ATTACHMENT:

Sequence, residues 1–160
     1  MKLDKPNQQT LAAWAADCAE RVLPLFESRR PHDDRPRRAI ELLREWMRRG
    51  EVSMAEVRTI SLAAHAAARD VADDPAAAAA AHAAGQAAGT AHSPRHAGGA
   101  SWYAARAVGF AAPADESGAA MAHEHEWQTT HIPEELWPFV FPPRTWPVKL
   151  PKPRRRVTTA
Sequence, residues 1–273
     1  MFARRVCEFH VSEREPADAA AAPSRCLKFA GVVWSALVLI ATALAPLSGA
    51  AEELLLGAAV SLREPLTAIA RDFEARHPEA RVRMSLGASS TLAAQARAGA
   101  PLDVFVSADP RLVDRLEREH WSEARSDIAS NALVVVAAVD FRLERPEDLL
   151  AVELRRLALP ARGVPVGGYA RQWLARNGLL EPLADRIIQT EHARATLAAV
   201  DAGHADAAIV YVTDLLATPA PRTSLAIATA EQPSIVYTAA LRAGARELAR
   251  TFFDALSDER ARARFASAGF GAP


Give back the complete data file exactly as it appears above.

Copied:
Sequence, residues 1–160
     1  MKLDKPNQQT LAAWAADCAE RVLPLFESRR PHDDRPRRAI ELLREWMRRG
    51  EVSMAEVRTI SLAAHAAARD VADDPAAAAA AHAAGQAAGT AHSPRHAGGA
   101  SWYAARAVGF AAPADESGAA MAHEHEWQTT HIPEELWPFV FPPRTWPVKL
   151  PKPRRRVTTA
Sequence, residues 1–273
     1  MFARRVCEFH VSEREPADAA AAPSRCLKFA GVVWSALVLI ATALAPLSGA
    51  AEELLLGAAV SLREPLTAIA RDFEARHPEA RVRMSLGASS TLAAQARAGA
   101  PLDVFVSADP RLVDRLEREH WSEARSDIAS NALVVVAAVD FRLERPEDLL
   151  AVELRRLALP ARGVPVGGYA RQWLARNGLL EPLADRIIQT EHARATLAAV
   201  DAGHADAAIV YVTDLLATPA PRTSLAIATA EQPSIVYTAA LRAGARELAR
   251  TFFDALSDER ARARFASAGF GAP